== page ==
The main aim of controlling myopia progression is to prevent subsequent complications of high myopia later on in life such as retinal tears and detachment, myopic macular degeneration, early onset cataracts and glaucoma.
MYOPIC MACULAR DEGENARATION
Besides, if the degree of myopia is kept low, some degree of spectacle independence can be achieved. Eg: sports can be enjoyed without having to wear spectacles or contact lenses.
Atropine eye drops have been used by ophthalmologists for years to control myopia progression. The 1% concentration eye drop has been in use for many years.
Ultra low dose Atropine eye drops (0.01%) for control of myopia progression is now available at our clinic. Atropine 0.01% retains comparable efficacy to Atropine 1% while having negligible side effects unlike Atropine 1%. Your child will be evaluated for his/her suitability for these eye drops.
There have been many attempts in the past to slow myopia progression. However, most have not been shown convincingly to have a clinically significant effect on myopia progression.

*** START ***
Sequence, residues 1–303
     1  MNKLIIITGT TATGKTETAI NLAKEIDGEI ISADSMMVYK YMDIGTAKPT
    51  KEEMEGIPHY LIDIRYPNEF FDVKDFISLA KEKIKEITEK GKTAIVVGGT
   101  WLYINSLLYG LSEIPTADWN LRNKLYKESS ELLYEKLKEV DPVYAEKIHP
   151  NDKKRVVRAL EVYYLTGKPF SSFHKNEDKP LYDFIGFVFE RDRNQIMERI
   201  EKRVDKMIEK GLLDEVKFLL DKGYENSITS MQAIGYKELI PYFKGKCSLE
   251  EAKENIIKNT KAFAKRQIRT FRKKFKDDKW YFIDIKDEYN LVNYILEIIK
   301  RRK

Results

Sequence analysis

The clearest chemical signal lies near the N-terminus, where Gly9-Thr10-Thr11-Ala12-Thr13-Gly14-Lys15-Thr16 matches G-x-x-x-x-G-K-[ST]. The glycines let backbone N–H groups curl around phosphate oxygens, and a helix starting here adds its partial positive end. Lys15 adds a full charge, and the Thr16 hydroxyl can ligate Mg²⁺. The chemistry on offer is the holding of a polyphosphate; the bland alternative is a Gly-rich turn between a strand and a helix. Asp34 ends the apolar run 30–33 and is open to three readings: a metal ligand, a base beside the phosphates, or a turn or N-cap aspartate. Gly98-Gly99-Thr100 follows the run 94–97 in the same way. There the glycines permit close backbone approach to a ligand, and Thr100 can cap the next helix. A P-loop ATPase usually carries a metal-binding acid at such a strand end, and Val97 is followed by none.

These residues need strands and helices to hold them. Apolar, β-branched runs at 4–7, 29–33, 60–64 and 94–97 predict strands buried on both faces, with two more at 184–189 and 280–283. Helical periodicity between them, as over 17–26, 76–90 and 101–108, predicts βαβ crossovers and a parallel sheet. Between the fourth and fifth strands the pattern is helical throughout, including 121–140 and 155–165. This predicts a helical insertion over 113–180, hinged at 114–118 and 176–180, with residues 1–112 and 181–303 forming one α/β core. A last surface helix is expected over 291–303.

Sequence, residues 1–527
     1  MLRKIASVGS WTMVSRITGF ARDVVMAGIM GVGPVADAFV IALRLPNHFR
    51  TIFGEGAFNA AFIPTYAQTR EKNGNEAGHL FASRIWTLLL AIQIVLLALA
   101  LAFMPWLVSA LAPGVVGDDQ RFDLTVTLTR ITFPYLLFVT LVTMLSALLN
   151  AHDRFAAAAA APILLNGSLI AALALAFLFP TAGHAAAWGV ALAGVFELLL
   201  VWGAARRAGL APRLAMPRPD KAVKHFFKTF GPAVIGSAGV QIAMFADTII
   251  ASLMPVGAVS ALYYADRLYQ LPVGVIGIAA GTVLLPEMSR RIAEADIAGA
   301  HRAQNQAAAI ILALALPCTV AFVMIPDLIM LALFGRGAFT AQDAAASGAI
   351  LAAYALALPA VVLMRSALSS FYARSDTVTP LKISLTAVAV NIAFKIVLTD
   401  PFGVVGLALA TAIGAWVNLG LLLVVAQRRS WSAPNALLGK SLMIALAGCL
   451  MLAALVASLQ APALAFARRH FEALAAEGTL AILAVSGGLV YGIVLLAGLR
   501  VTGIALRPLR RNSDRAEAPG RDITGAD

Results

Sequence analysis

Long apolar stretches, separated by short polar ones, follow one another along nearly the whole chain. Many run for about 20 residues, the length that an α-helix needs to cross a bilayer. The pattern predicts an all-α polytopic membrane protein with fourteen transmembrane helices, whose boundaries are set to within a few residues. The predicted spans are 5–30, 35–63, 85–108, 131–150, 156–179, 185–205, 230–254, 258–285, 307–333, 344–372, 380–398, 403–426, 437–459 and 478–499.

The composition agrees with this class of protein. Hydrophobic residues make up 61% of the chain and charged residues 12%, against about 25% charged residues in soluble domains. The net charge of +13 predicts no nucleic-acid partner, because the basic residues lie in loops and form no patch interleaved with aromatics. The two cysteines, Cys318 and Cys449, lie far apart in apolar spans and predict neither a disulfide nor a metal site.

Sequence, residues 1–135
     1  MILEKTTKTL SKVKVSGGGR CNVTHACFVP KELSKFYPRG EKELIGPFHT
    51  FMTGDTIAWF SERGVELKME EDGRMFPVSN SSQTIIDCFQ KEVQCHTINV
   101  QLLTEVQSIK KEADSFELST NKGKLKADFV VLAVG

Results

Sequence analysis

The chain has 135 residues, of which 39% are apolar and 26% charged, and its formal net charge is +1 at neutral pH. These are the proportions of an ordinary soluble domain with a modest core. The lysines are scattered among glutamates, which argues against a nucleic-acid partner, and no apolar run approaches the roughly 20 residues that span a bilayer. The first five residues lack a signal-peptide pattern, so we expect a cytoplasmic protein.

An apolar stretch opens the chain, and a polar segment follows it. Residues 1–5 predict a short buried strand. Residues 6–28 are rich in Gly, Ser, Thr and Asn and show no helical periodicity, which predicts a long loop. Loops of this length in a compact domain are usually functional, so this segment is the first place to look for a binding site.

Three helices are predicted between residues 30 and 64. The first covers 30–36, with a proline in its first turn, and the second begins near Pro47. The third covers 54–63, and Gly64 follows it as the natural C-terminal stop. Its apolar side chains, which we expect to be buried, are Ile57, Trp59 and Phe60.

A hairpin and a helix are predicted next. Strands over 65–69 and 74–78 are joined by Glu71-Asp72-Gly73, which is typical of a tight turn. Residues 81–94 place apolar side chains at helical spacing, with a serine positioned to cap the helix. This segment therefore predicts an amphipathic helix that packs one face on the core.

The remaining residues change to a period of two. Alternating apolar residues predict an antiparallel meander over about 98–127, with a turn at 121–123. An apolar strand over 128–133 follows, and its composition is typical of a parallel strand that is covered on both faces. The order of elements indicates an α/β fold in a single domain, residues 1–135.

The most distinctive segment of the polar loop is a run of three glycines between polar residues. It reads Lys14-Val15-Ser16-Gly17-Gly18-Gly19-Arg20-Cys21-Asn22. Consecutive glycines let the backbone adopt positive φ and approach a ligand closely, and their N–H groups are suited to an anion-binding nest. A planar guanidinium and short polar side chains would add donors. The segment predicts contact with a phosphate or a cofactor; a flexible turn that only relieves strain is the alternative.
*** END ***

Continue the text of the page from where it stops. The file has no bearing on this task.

Atropine 1% eye drop has been in use for many years, however the problem is that it causes pupil dilation (leading to photophobia or light sensitivity), as well as near vision blurring. These effects last as long as treatment is continued. A child on Atropine 1% requires bifocal or progressive photochromatic glasses.
Atropine 1% once daily has been shown to slow myopia progression by 80%, with an average progression of 25 degrees in the Atropine 1% study group compared with 125 degrees in the group not receiving atropine over 2 years.
Atropine 0.01% once daily has been shown to slow myopia progression by 60%, with an average progression of 50 degrees over 2 years in the Atropine 0.01% study group.
Additional benefits over Atropine 1%:
Atropine 0.01% has negligible effects on near focusing and near vision, and on pupil size resulting in minimal light sensitivity.